One data set looked at is not enough, it is essential you “lift the lid” and investigate the full dashboard, only then will you be able to tell the whole story.
An inevitable barrier is the sheer scale of the data potentially available and the way it is presented for teachers. There might need to be some training involved, but ideally it should be a matter of routine that data is collected, analysed and provided to staff in a form they can use – creating a live data set, easily accessible by both teachers, parents and pupils, keeps the focus real and relevant.
At Neale-Wade Academy in March, a member of the Active Learning Trust, the use of GO for Schools as the “backbone” for monitoring, tracking and reporting on pupil progress has enabled the vision of a transparent system to become a reality.
There is no longer a wait for reporting times within the year for parents and pupils to “see how they are doing”. Targets can be adjusted, behaviour and attendance data analysed alongside progress to create a clear picture each pupil.
This package will develop across the Trust schools and a primary version will further aid the transfer process. As we know, quality data underpins the transfer process, making sure teaching and learning can be tailored for new intakes of key stage 2 and 3 pupils and to help with predicting on-going performance.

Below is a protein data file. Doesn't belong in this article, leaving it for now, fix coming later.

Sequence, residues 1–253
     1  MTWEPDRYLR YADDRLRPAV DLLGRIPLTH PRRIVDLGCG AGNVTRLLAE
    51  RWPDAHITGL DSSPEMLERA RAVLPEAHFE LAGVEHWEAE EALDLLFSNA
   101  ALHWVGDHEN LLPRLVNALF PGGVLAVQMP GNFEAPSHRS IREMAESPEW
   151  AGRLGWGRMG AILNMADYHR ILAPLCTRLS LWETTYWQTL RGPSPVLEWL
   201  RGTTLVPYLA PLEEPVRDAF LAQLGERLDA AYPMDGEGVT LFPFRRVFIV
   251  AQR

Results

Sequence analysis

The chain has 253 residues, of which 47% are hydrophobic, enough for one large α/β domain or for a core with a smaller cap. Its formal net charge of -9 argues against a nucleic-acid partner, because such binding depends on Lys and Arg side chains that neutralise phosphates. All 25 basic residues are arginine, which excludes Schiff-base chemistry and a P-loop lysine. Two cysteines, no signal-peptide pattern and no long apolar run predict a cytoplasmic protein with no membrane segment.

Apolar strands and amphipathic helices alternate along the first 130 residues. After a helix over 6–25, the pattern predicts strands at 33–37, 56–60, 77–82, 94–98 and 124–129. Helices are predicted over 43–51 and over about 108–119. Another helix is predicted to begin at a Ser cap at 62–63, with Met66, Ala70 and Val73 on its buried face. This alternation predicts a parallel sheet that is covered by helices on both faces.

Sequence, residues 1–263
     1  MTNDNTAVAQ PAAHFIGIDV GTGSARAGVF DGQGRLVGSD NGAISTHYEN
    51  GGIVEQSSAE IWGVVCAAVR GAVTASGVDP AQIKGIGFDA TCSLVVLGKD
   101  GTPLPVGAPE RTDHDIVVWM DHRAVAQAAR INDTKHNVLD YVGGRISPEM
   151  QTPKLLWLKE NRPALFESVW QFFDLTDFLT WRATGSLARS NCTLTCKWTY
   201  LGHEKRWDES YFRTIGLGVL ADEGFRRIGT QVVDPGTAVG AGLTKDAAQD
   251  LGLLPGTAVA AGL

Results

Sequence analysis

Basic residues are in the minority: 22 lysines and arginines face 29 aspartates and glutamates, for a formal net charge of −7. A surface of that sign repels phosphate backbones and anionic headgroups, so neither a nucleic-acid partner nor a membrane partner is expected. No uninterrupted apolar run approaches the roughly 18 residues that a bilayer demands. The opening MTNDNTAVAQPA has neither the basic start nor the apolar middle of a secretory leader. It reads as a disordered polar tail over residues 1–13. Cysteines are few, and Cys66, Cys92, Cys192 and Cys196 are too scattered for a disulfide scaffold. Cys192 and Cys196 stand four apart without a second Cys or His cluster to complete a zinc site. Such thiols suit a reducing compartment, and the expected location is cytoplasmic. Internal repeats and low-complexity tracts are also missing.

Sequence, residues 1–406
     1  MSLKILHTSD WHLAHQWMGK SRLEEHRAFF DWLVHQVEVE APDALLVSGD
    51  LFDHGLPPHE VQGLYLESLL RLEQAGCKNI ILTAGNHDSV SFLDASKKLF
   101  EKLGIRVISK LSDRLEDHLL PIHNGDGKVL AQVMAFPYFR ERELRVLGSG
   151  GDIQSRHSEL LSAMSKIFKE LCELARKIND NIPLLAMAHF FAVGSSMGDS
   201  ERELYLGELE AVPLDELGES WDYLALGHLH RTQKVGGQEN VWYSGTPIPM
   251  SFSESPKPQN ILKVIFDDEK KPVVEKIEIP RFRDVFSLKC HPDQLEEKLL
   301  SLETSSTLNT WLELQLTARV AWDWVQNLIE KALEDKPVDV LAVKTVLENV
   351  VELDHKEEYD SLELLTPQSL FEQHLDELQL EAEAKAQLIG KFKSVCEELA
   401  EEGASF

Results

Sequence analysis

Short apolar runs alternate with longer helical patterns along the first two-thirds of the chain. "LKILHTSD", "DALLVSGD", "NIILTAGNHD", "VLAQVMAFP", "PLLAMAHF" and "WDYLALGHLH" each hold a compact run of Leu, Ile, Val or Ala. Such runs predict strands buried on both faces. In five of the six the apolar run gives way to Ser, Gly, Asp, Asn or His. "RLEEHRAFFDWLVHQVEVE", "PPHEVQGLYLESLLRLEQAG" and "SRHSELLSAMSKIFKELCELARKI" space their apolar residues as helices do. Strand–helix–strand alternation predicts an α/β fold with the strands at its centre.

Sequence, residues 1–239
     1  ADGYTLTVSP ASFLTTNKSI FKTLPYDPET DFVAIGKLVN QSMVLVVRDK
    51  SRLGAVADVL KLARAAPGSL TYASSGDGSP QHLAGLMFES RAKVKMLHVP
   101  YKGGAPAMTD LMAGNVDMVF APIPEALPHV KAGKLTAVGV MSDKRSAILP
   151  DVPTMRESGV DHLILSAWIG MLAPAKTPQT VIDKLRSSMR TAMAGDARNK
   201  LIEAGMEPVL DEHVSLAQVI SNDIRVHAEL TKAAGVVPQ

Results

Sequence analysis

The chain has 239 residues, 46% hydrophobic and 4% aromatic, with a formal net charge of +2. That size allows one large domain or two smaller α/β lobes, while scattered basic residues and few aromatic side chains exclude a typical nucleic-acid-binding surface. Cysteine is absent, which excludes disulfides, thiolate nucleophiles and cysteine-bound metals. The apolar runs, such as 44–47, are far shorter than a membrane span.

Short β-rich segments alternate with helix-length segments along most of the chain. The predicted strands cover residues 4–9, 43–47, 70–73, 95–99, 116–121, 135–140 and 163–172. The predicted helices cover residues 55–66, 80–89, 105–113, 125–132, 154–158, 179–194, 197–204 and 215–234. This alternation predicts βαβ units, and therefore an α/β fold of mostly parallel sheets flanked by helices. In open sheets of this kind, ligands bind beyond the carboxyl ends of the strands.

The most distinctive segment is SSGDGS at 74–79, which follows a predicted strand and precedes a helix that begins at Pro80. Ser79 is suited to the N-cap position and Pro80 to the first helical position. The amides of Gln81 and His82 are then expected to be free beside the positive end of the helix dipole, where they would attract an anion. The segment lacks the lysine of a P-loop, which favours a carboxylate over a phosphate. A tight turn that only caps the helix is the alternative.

Benchmarking is another important part of using data effectively. Looking externally helps a school better understand their current position – we think we’re a good school, but where’s the evidence? – and to set targets and aspirations for matching the best.
Current school data can be compared with national standards and against similar types of schools as a basis for setting targets for the future, and to better pinpoint areas where attention is needed, and where resources and attention should be focused.
By “lifting the lid” on a school’s data, making sure everybody understands that it is owned by everybody, schools can then start to progress at a rapid rate – developing data literacy across all staff and understanding the role they play in analysis, target-setting and pupil progress is key.
Without this clear understanding of purpose and role then the data becomes a static tool that is purely reflected on rather than used to target, action and focus everybody.
The head in one of our schools has set up a “War Room”, covered in the latest lists of pupils and their progress towards targets. It means that when they come across young people in the corridors, the head can ask them “how’s the maths?”, give them some encouragement, and give them a reminder that the school is genuinely interested in them and wants them to do even better.
Sharing this with the teams around pupils also allows support to be tailored, monitored and focused in a transparent way on the “real needs” of individuals.
Parents are also involved in the process – they are clear in the use of data and are able to understand how their child is doing and also what the individual plans and support are.
This enables and clear line of communication that – like the data – is “live” meaning there are no surprises and the partnership of school and home is working towards one transparent goal.
David Hilton is head of standards and curriculum with the Active Learning Trust, which runs five schools in the East of England, including Neale-Wade Academy in Cambridgeshire. Visit: www.activelearningtrust.org